It is this therapy that Knowles wants to deny victims of gender dysphoria by law, although he has no reasonable alternative therapy to offer them. In other words, he wants to force them to endure their suffering and suicidality because he believes “being transgender” isn’t real. But transitioning isn’t based on the assumption that “being transgender” is real. Transitioning is based on its capacity to relieve suffering and suicidality. Transitioning isn’t a metaphysical statement that men can be women or women can be men; it’s simply therapy, to decrease the negative effects of gender dysphoria and increase quality of life.
Now, many victims of gender dysphoria do see transitioning as such a statement. In their minds, it is an affirmation of their belief that they “are transgender.” Knowles takes this conflation of fact and belief for his own, and then turns it back on victims of gender dysphoria, attacking their therapy because it is, for them, a confirmation of their belief, which he finds objectionable. And, because he makes the further mistake of thinking that absence of proof is proof of absence, he feels morally justified, if not compelled, to take this therapy away.
To the average individual, it must be clear at this point that, whatever Knowles’ intentions, what he seeks to accomplish is barbaric. He seeks to take away the only thing that victims of gender dysphoria have that can make their lives better and leave nothing in its place. This is worse than simply walking by someone cold and hungry and saying, “Be ye warmed and filled.” This is actively taking bread out of the mouth of a starving man.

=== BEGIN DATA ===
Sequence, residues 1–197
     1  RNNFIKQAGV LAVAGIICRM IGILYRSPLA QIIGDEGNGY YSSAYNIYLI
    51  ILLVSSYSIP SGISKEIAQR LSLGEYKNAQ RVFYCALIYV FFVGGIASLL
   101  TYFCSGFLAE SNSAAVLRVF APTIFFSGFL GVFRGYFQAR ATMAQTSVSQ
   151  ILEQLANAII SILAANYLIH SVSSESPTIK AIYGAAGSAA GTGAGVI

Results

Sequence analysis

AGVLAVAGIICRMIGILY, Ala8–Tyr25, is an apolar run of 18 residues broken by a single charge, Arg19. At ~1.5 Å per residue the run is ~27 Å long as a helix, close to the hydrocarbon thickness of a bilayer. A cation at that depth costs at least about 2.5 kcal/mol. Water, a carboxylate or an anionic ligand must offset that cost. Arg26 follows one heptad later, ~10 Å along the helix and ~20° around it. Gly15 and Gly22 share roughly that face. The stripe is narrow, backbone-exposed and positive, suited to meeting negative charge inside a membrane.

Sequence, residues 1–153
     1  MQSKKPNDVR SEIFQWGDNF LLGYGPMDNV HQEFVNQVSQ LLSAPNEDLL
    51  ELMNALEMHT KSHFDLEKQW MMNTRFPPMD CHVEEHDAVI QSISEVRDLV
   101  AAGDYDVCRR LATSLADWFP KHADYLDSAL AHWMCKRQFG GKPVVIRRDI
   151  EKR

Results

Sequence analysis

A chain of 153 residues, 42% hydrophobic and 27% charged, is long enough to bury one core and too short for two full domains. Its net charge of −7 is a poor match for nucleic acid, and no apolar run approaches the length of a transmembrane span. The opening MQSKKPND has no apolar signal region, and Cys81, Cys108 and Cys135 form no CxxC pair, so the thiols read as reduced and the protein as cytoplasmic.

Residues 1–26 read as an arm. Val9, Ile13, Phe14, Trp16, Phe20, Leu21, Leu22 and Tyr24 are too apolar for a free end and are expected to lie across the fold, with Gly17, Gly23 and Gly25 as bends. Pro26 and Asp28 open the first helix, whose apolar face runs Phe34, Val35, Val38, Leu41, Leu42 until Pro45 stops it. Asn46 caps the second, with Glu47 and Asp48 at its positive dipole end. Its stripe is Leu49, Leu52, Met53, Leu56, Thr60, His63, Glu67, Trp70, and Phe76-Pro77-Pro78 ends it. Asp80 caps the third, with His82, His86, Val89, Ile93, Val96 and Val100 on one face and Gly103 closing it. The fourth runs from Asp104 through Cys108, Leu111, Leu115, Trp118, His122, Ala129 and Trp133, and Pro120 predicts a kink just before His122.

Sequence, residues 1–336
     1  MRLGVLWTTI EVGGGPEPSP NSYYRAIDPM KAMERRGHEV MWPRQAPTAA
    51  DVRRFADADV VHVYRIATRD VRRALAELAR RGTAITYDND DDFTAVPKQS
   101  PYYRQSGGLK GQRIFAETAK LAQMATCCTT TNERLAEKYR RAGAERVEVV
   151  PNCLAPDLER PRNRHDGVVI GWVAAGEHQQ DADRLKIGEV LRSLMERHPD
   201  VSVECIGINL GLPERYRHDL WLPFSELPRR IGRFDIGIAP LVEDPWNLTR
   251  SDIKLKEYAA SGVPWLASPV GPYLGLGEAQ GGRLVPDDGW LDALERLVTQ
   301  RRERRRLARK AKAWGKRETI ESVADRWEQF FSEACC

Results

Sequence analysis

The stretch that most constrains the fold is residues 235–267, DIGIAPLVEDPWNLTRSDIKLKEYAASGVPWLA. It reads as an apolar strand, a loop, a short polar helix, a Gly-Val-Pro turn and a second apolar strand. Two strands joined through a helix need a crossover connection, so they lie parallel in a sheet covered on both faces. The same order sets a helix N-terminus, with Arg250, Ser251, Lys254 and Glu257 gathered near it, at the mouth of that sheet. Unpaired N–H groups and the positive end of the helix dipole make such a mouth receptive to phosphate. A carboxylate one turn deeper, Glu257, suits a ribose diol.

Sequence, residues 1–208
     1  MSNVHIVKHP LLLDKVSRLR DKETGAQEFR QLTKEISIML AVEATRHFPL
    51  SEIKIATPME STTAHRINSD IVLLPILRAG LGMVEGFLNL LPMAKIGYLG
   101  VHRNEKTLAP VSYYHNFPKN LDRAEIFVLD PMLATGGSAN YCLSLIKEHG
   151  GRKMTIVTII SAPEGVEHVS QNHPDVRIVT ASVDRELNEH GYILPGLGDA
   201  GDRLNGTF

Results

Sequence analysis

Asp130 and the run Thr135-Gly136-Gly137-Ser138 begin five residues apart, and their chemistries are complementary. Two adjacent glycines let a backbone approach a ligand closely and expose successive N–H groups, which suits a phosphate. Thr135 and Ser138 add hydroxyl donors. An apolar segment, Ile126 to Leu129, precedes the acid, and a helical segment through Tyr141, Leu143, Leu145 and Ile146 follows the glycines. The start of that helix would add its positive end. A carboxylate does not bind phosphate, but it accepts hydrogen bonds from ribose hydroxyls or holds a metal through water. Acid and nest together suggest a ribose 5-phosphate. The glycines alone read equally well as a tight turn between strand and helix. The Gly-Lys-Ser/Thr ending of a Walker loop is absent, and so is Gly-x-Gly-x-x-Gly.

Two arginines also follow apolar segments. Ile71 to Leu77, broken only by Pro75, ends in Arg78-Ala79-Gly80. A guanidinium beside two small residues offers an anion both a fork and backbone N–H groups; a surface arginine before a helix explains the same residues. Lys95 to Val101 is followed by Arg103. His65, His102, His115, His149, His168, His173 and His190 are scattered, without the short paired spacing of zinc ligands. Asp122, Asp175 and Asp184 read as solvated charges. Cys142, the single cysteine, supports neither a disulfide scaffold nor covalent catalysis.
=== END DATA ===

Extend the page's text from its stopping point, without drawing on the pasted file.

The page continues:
To someone with understanding of the US Constitution, it must be clear that the legislation of Knowles’ program of eradication violates that document in basic ways. To deny outright effective treatment to someone who is suffering without offering them a realistic alternative is a violation of substantive due process, while to create an environment of conditions at law that are so onerous as to make receiving treatment effectively impossible is a violation of procedural due process. And to deny treatment to people of one affliction while permitting it for others is a denial of equal protection.
This is how Michael Knowles can be defeated, and why.
Not long ago, Knowles related an anecdote on his radio show of an event which had recently taken place where this analysis could have been applied to great positive effect. He was on a college campus and confronted a trans woman with the question, “Is it possible that you are wrong in believing you are a woman?” or words to that effect. The person he was talking to did not know how to respond. This is how the conversation should have gone:
MK: Is it possible that you are wrong in believing you are a woman?
TW: Of course. Anyone can be wrong, about anything. Is it possible that you are wrong in believing that I’m not?
There is no way Knowles can answer this question publicly without crippling his program. If he answers, “No,” then he claims to be infallible and destroys his credibility. If he answers, “Yes,” then his program loses its moral authority — because, if he can be wrong, then it is possible a trans woman can be a woman, and Knowles is morally wrong to take away her treatment on the basis of what is merely his personal belief.